The Writings of Brigham Worthing

Collected, Arranged and Verified by Svetlana Rhosven
Provided by Alexis A. Hunter
Art by Scarlett O’Hairdye


Dear Asa,

I hope this letter finds you in good health, dear brother.

I believe I need to learn more about the actual work I am claiming to be doing. This belief was cemented by a run-in I had with a would-be customer yesterday. My assistant Quinton had stepped out to take his lunch, and I took up his post at the counter. I sat there studying Rhosven’s journals and barely looked up when the customer–-a gargantuan of a woman who smelled of salted pork-–entered. She was a bit miffed at my lack of notice, but persisted to question me regarding what sort of statue I, the master artist, could create for her illustrious home.

You can imagine how the conversation went from there. I bumbled about and threw out made up terms. I glanced at the door, praying–-if I may still be allowed to pray-–that Quinton would end his lunch early. I began to sweat and grow quite nervous as she seemed to know a fair deal more than me about art, and I feared myself in danger of being found out. After a time, I grew annoyed by her questioning. I told her I could not abide her speaking to me in such a tone and went on to berate her with much indignation.

At last, Quinton arrived and settled everything quite well, allowing me to retreat back to my room with the journals. Needless to say, it was a most aggravating scene. I think I shall have Quinton tell me at least the basics of his work, lest I end up in such a spot again.

Going back to my work, I must tell you that I am tiring of the lower angels. Once they provided a fair challenge, but now I find them as easy prey. More and more, I find myself studying Rhosven’s journals to see what he said of the greater angels. I hardly dare to dream of it, but I must confess I have some aspirations of attaining an archangel one day–-if I can continue to improve my craft. It is folly, you will say. And dangerous, surely. You will be quite correct, but I cannot help the desire of my heart. The cherubs are beautiful indeed, and sell well–-but I desire greater.

How is Mother faring? I hope she is in good health and has not had an overly hard winter. Please tell her I ask about her. I think about her often when I am not out hunting. I believe now it would have been better not to tell her a thing about my work. Or at most, to leave her believing I was out of my mind. That would be better than this silence. I never once believed she would shun me; I think now she may wish I was young enough to fight in this war. No time for my “blasphemous occupation” then, yes?

The night grows dark and the candle is burning low, thus I shall end my letter here. I set out tonight to catch the regular fare. Are you certain your Lilly would not like a cherub as a gift for your impending anniversary? I would be delighted to do so, and can imagine it beside your fireplace in quite a pleasing way. Let me know if you have changed your mind on that score. Give Lilly and the children my best regards and love.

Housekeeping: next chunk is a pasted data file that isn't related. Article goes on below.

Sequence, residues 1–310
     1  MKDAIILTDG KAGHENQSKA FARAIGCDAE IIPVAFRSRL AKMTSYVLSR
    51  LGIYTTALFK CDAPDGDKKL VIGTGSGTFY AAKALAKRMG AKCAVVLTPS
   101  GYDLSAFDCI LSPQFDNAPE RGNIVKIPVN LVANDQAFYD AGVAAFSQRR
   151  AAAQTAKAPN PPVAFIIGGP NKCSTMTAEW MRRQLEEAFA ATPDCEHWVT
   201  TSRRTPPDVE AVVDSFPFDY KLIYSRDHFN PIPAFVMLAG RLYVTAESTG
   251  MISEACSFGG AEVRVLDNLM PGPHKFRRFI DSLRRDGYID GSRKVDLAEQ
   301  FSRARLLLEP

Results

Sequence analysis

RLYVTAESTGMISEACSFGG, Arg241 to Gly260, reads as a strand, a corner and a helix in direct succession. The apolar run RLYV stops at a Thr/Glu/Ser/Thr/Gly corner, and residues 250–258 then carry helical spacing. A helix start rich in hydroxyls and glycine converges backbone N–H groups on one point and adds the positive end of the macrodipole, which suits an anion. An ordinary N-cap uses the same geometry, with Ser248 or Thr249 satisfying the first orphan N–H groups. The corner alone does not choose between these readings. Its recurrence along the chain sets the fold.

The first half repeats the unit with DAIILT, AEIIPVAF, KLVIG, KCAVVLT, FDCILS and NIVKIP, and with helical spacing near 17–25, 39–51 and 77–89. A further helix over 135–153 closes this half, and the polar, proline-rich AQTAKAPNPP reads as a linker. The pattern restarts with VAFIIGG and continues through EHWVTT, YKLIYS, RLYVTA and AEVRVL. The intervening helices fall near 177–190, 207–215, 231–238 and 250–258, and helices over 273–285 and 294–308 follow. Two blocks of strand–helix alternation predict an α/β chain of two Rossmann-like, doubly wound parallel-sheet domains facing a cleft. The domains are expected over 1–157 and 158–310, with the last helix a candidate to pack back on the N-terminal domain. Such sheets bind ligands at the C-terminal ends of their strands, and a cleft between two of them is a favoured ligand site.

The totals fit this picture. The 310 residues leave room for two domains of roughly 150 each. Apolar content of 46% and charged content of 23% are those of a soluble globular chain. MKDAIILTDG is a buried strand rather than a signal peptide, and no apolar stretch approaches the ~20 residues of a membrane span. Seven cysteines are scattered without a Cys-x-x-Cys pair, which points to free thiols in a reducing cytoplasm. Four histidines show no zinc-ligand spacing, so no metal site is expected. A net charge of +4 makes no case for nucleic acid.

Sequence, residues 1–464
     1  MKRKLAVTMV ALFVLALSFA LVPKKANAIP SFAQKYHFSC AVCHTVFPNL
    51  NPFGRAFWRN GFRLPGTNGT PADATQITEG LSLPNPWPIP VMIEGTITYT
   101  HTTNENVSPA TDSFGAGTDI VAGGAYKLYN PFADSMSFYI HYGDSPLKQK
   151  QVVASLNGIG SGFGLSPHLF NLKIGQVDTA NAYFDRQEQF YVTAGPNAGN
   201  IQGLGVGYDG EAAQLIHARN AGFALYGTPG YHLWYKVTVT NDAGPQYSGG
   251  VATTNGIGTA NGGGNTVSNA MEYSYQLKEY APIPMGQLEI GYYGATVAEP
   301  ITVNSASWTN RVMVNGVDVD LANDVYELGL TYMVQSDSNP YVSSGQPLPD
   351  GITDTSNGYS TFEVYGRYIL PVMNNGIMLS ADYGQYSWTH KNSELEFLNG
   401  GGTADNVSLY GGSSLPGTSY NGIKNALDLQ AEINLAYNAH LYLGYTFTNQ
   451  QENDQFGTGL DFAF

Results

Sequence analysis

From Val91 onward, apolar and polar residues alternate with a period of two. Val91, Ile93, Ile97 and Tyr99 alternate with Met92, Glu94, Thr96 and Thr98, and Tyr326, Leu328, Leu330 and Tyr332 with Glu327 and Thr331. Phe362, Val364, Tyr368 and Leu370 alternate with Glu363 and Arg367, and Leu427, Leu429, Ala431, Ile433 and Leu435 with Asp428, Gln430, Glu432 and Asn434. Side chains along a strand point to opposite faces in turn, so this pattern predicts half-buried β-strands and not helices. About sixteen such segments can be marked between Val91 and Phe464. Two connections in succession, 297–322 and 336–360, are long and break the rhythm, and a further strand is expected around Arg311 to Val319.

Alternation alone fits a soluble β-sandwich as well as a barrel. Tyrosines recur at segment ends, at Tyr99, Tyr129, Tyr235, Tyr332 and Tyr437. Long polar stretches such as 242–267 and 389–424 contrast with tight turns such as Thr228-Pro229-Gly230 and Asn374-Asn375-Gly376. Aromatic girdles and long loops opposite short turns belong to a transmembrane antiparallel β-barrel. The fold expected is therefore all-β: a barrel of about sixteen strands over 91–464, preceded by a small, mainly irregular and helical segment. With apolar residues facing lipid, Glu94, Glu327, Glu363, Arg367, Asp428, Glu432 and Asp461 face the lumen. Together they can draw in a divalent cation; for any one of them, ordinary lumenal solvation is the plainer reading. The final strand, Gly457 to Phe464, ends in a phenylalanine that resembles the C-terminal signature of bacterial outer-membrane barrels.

I remain your affectionate brother,

Brigham

It took longer this time. I chanted until sweat bubbled on my brow and I grew winded. I pressed on for a quarter of an hour, tongue growing dry. At last, a flicker of light grew before me. He appeared. God, I cannot capture in words his full glory. He was above my height, towering some foot and a half above me. Whether he was an archangel or not, I cannot tell. His wings spread out to either side in a sort of wary caution. It had the most noble features you've ever seen, his pale, shimmering form clad in white robes.

It took longer this time. I chanted until sweat bubbled on my brow and I grew winded. I pressed on for a quarter of an hour, tongue growing dry. At last, a flicker of light grew before me. He appeared. God, I cannot capture in words his full glory. He was above my height, towering some foot and a half above me. Whether he was an archangel or not, I cannot tell. His wings spread out to either side in a sort of wary caution. It had the most noble features you’ve ever seen, his pale, shimmering form clad in white robes.

To read the rest of this story, check out the Mad Scientist Journal: Winter 2013 collection.


Doctor Svetlana Rhosven is one of the last remaining descendants of Anton Rhosven, the original Angel Collector. Upon discovering her heritage, Svetlana set out to collect every scrap of detail she could find about the process her ancestor sank so much of his life into. Svetlana attained her Master’s Degree in Angelology & Demonology at UnClouded University in 2001 and currently resides as close as she can to an orphanage.


A lifelong fan of speculative fiction, Alexis A. Hunter specializes in all things mythical, ethereal and out of this world. Her work has appeared most recently in Insatiable Magazine, Post Mortem Press’s The Ghost IS the Machine, Interstellar Fiction and more. To learn more about Alexis visit www.idreamagain.wordpress.com.


Scarlett O’Hairdye is a burlesque performer, producer and artist. To learn more, visit her site at www.scarlettohairdye.com.

Follow us online:
This entry was posted in Fiction and tagged , , , . Bookmark the permalink.

2 Responses to The Writings of Brigham Worthing

  1. Great story Alexis. loved the format. 🙂

  2. Rachel says:

    Loved the story! I think I loved it all the more for having just read Dracula, also an epistolary novel, and Frankenstein. A fun read, and a very original premise:)

Leave a Reply

Your email address will not be published. Required fields are marked *

This site uses Akismet to reduce spam. Learn how your comment data is processed.